Despite its demotion from the planet status, Pluto continues to surprise us. As we receive more and more information from the Deep Horizons mission, we’re understanding more and more what a complex system Pluto really is – just like a planet.
The latest example comes in the form of an unexpected interaction with the solar wind.
“This is a type of interaction we’ve never seen before anywhere in our solar system,” said David J. McComas, lead author of the study. McComas, professor of astrophysical sciences at Princeton University and vice president for the Princeton Plasma Physics Laboratory. “The results are astonishing.” McComas leads the SWAP instrument aboard New Horizons; he also led the development of SWAP when he was at the Southwest Research Institute (SwRI) in San Antonio, Texas.
Solar wind is the stream energized, charged particles, primarily electrons and protons, flowing outward from the Sun at temperatures around 1 million degrees Celsius. It’s made of plasma. When solar wind encounters a planet, there’s generally an abrupt diversion, and when it encounters a comet, there’s only a gentle slowing of the plasma. With Pluto, there’s a little bit of both. Just like a hybrid car, Pluto’s interaction with solar wind shares characteristics with both planets and comets. Astronomers thought Pluto wasn’t “heavy” enough to hold heavy ions in its extended atmosphere, but the planet-wannabe surprised us once again: material is confined relatively closely to the surface.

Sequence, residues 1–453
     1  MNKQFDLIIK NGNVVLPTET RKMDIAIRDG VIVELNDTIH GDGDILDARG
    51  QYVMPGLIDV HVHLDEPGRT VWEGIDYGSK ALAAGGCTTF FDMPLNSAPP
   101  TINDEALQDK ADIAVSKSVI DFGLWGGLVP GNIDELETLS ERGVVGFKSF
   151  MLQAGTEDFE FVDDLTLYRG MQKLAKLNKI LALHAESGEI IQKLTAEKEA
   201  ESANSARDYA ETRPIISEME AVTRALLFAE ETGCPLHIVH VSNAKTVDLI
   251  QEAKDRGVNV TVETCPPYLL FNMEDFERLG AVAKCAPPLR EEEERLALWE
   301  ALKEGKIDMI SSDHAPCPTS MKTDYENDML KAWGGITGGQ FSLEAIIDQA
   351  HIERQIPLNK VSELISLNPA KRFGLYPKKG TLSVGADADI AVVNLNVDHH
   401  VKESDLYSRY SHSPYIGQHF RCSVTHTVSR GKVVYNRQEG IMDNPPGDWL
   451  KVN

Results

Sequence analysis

It’s remarkable that we’re now managing to understand Pluto in such detail, and it’s a testament to the fantastic work being done at NASA.
“These results speak to the power of exploration. Once again we’ve gone to a new kind of place and found ourselves discovering entirely new kinds of expressions in nature,” said SwRI’s Alan Stern, New Horizons principal investigator.
Other findings announced by NASA include:
Like Earth, Pluto has a long ion tail, that extends downwind at least a distance of about 100 Pluto radii (73,800 miles/118,700 kilometers, almost three times the circumference of Earth), loaded with heavy ions from the atmosphere and with “considerable structure.”
Pluto’s obstruction of the solar wind upwind of the planet is smaller than had been thought. The solar wind isn’t blocked until about the distance of a couple planetary radii (1,844 miles/3,000 kilometers, about the distance between Chicago and Los Angeles.)
Pluto has a very thin boundary of Pluto’s tail of heavy ions and the sheath of the shocked solar wind that presents an obstacle to its flow.
The findings were published on May 4, 2016 in the Journal of Geophysical Research – Space Physics.